But the canyon's mysterious aura doesn't end with ghostly tales. It has been the backdrop for real-life tragedies as well, including a harrowing incident where a teenager met a tragic end amidst the ruins of what was once an asylum, and a devastating plane crash in 1978 that claimed 29 lives. These events contribute to the canyon's somber reputation, inviting adventurers to tread lightly and respect the echoes of its past.

"I am afraid, I am a coward. I am sorry for everything. If I had done this a long time ago, it would have saved a lot of pain. P.E."

The Sign of the Hollywood Spirit 

Among California's trove of urban myths, the haunting tale of the Hollywood Sign stands out, capturing the imagination with its blend of glamour and tragedy. This iconic landmark is said to be haunted by Peg Entwistle, an actress from the early 20th century whose dreams of stardom met a tragic end. Disheartened by a scathing review that she believed spelled the end of her acting career, Entwistle is said to have climbed to the top of the sign's towering "H" letter, choosing to end her life in a desperate leap.

This poignant story has left Entwistle's spirit, known as the "Lady in White," eternally intertwined with the sign's history. Legend has it that her ghostly presence lingers around the sign and its nearby trails. Hikers and visitors are often warned to be vigilant, as encounters with the Lady in White are said to reveal not a glamorous starlet, but a chilling apparition with a gaunt face and haunting, hollow eyes.

For those intrigued by the supernatural or the lore of old Hollywood, a visit to the Hollywood Sign might offer more than scenic views and photo ops. But a word of caution to the solo adventurer: the area's eerie history might just make you think twice about wandering these paths alone.

The Dark Watchers are most often reported to be seen in the hours around twilight and dawn, motionlessly watching travelers from the horizon.

The Dark Watchers 

The Santa Lucia Mountains, stretching from Avila Beach to Monterey, are celebrated for their breathtaking natural beauty, featuring verdant landscapes and majestic peaks. However, nestled within this idyllic setting is a spine-tingling legend that captivates the imagination of those intrigued by the paranormal. The mountains are said to be the domain of enigmatic entities known as the Dark Watchers. These towering, humanoid specters are reputed to appear at dusk, casting their inscrutable gazes over the valleys below, only to vanish into the ether the moment they are acknowledged.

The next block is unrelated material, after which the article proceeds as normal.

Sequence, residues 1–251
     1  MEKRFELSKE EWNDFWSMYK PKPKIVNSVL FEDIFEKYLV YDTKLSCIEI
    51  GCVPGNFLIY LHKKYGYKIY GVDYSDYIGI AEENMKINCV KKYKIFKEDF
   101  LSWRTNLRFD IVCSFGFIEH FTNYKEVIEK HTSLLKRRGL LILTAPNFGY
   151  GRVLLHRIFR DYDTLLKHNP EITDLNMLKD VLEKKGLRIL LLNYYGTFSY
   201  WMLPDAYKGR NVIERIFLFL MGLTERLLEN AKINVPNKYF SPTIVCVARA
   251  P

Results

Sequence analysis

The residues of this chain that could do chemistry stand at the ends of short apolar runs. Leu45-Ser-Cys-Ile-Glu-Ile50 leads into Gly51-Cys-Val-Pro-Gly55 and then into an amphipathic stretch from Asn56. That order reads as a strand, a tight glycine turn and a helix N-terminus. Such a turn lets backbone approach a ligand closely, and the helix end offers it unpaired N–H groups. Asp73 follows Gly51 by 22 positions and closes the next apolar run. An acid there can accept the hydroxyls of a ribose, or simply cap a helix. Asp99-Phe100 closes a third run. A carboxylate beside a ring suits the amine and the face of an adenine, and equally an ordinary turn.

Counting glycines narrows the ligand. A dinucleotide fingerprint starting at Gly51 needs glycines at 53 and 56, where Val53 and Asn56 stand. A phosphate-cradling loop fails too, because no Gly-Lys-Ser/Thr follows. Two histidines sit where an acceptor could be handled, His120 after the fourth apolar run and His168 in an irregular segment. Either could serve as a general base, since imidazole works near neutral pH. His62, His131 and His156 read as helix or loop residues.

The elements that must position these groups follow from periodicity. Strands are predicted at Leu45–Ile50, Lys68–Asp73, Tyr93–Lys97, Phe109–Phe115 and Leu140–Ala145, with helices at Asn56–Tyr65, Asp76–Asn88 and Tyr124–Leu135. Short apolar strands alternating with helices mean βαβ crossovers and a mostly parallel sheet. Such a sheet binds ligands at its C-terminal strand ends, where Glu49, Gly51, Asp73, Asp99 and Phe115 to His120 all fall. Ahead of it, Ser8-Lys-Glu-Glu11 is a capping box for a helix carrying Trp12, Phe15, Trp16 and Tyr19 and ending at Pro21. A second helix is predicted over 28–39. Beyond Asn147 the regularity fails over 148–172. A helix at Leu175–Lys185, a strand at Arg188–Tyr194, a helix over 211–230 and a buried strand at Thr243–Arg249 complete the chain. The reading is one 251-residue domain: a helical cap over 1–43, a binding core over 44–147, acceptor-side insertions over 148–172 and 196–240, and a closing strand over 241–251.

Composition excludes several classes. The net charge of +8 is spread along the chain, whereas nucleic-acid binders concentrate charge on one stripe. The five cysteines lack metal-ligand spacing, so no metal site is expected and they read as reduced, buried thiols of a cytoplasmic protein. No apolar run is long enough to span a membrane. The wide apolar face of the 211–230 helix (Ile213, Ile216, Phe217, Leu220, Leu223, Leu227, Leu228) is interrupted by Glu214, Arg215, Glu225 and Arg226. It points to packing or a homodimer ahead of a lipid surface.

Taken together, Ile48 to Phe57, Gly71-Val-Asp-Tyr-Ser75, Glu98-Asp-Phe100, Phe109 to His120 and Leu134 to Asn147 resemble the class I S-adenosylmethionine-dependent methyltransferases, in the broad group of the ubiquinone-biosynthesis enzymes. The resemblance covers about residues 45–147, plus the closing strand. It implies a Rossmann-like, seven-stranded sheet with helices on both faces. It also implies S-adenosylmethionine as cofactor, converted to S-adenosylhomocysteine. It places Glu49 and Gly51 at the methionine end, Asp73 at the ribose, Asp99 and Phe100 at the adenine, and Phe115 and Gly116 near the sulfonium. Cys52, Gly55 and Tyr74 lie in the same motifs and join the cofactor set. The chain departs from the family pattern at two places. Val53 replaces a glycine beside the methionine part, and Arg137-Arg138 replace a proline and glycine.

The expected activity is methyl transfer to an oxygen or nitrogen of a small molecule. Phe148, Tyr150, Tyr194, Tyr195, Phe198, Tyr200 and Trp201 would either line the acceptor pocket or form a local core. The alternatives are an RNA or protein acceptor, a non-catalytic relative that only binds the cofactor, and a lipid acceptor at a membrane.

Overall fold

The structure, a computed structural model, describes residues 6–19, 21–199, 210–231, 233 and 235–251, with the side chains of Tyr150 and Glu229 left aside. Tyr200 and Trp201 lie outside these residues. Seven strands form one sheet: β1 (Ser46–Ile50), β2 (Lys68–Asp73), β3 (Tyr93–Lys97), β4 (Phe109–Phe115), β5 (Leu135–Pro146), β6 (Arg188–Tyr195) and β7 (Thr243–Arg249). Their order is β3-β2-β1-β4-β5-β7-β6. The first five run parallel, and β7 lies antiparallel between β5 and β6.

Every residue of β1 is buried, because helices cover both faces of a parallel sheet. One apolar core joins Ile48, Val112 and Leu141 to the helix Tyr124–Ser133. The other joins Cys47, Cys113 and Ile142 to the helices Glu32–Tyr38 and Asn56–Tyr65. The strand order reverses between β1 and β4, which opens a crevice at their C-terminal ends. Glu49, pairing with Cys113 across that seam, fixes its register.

Rooted in indigenous Chumash lore, the myth of the Dark Watchers is a fascinating blend of history and mystique. Ancient cave paintings by the Chumash, discovered within the region, depict these ominous figures, suggesting their presence in local folklore for centuries. The Dark Watchers not only occupy a place in oral traditions but have also found their way into literature, most notably in John Steinbeck's "Flight," where they are portrayed as formidable silhouettes against the twilight sky.

Despite the passage of time, the allure of the Dark Watchers endures, with sporadic accounts keeping the legend alive. One such account from the 1960s involves a high school principal who claimed to have encountered these spectral figures, described as wearing dark cloaks and hats, further entwining the Dark Watchers in the tapestry of California's mysterious legends.

Once upon a time at Stow Lake, in Golden Gate Park, there was a lady who was walking her baby in a stroller. Guess what happened next...

The Stow Lake Ghost 

Stow Lake, nestled within the serene expanse of San Francisco's Golden Gate Park, carries with it a haunting tale that adds a layer of mystique to its tranquil waters. The legend centers on the ghostly figure of a woman, often referred to as the White Lady, whose sorrowful spirit is said to roam the lake's perimeter. Her story is a tragic one, rooted in a desperate attempt to rescue her child, leading to her own demise in the lake's depths.

This spectral mother's enduring search for her lost child has given rise to a chilling ritual among the bravest of souls. Those daring enough can allegedly summon the White Lady by repeating a haunting incantation, "White lady, white lady, I have your baby," three times into the stillness of the lake's surroundings. According to local lore, if the White Lady is convinced by your call, she may manifest, driven by a maternal desire to reclaim her child. This eerie interaction is not for the faint of heart, and would-be summoners are advised to proceed with caution—or perhaps, consider the more peaceful pursuits Golden Gate Park has to offer.